Extremist Groups 'Have the Ability' to Strike in the US - “Almost all of the extreme groups that we hear [about] in the newspaper, various organizations, have a presence in the United States today,” O’Neill comments. These groups, he explains, “are heavily involved in recruiting” and “heavily involved in fund-raising activity.” He adds that most of the groups, “if they chose to, have the ability to strike us here in the United States.” He also points out that while, over the last decade or so, the number of terrorist attacks around the world has fallen significantly, the attacks that do occur tend to be larger and deadlier. The reason for this is that “if you are going to engage in terrorist attacks for political or social agendas, you want to make it on the news.” “The larger the attack, the more newsworthy they can make it,” he comments. He ends on a pessimistic note, telling his audience: “Unfortunately, I cannot predict that no Americans will be injured or killed as a result of a terrorist attack. And, in fact, it will happen as long as violence is seen as the way to move along political or social agendas. We will have terrorism as a problem to contend with.” [National Strategy Forum, 6/11/1997]
FBI Headquarters Is Uninterested in Terrorism - Despite warning about the threat posed by Islamic extremists, O’Neill makes no mention of Osama bin Laden. All the same, his speech “electrified the crowd,” journalist and author Murray Weiss will later comment. Weiss will describe the speech as “a particular landmark” in which O’Neill manages to “trace a chillingly accurate picture of the danger posed by Islamic fundamentalism and its potential to unleash a virulent new strain of terrorism on the world.” [Weiss, 2003, pp. 180, 185] However, the agent’s concern about the threat posed by Islamic extremists makes him an exception within the FBI. Dale Watson, chief of the FBI’s international terrorism section, national security division, will comment that there is currently a lack of interest in the threat at FBI headquarters. “No one was thinking about the counterterrorism program—what the threat was and what we were trying to do about it,” he will say. He will remark that no one is thinking about where al-Qaeda’s next target might be and “no one [is] really looking.” [Weiner, 2012, pp. 391]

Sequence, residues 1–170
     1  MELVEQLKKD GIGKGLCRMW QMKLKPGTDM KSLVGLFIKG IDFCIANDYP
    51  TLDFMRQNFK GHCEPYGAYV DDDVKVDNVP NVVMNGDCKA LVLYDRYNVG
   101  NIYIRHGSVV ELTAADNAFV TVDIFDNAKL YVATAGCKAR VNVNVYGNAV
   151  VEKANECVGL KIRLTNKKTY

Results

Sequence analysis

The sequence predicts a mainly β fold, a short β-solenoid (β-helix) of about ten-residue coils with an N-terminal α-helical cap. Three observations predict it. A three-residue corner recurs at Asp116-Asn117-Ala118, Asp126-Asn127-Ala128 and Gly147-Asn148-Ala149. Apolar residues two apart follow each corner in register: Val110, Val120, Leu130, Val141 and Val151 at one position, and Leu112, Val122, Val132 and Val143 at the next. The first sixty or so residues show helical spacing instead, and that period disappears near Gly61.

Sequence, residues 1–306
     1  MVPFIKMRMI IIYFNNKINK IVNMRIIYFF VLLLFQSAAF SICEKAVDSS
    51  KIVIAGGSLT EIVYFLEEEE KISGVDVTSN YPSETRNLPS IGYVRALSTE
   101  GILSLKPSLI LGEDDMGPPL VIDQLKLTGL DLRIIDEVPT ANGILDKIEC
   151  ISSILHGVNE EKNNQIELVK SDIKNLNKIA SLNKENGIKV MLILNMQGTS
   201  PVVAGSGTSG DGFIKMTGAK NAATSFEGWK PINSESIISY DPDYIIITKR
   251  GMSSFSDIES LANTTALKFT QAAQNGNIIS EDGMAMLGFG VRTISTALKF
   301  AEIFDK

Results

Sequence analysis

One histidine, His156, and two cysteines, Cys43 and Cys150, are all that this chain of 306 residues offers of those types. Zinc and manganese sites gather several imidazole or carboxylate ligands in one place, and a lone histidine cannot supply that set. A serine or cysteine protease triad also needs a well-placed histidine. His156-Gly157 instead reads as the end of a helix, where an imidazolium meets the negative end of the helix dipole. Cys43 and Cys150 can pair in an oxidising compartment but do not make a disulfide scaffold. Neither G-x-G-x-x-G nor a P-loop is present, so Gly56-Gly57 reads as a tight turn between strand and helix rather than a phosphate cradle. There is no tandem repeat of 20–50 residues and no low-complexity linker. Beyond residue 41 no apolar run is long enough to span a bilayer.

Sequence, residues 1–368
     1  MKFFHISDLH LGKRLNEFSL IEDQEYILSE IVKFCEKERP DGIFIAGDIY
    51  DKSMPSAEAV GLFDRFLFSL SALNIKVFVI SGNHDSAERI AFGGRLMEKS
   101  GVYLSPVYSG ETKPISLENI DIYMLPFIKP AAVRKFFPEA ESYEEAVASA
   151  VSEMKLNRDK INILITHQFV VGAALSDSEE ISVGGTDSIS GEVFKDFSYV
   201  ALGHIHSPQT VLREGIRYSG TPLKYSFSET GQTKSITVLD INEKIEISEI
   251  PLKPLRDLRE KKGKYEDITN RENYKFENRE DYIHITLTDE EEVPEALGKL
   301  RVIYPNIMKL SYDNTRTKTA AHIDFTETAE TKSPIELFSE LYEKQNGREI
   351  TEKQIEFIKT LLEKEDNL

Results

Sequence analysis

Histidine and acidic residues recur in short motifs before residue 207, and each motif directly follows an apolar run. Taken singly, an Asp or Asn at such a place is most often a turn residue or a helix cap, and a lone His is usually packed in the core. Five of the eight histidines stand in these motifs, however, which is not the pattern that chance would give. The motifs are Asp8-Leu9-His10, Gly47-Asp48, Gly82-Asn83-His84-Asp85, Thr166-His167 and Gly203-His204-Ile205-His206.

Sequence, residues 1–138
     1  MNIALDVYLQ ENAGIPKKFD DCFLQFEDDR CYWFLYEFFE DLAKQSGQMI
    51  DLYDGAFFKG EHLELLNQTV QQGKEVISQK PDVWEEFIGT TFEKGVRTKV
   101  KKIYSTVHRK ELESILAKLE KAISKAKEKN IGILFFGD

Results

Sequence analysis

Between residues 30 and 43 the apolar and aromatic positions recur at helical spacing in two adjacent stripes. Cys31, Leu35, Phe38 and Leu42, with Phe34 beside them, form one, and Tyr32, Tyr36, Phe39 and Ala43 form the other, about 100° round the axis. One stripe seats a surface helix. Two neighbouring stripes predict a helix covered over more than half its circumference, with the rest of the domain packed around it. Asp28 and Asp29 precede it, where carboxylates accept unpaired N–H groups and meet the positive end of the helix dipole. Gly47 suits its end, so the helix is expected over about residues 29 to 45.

Entity Tags: Dale Watson, John O’Neill

Timeline Tags: Complete 911 Timeline

Ordering 

Time period


Email Updates

Receive weekly email updates summarizing what contributors have added to the History Commons database

 
Donate

Developing and maintaining this site is very labor intensive. If you find it useful, please give us a hand and donate what you can.
Donate Now

Volunteer

If you would like to help us with this effort, please contact us. We need help with programming (Java, JDO, mysql, and xml), design, networking, and publicity. If you want to contribute information to this site, click the register link at the top of the page, and start contributing.
Contact Us

Creative Commons License Except where otherwise noted, the textual content of each timeline is licensed under a Creative Commons Attribution-NonCommercial-ShareAlike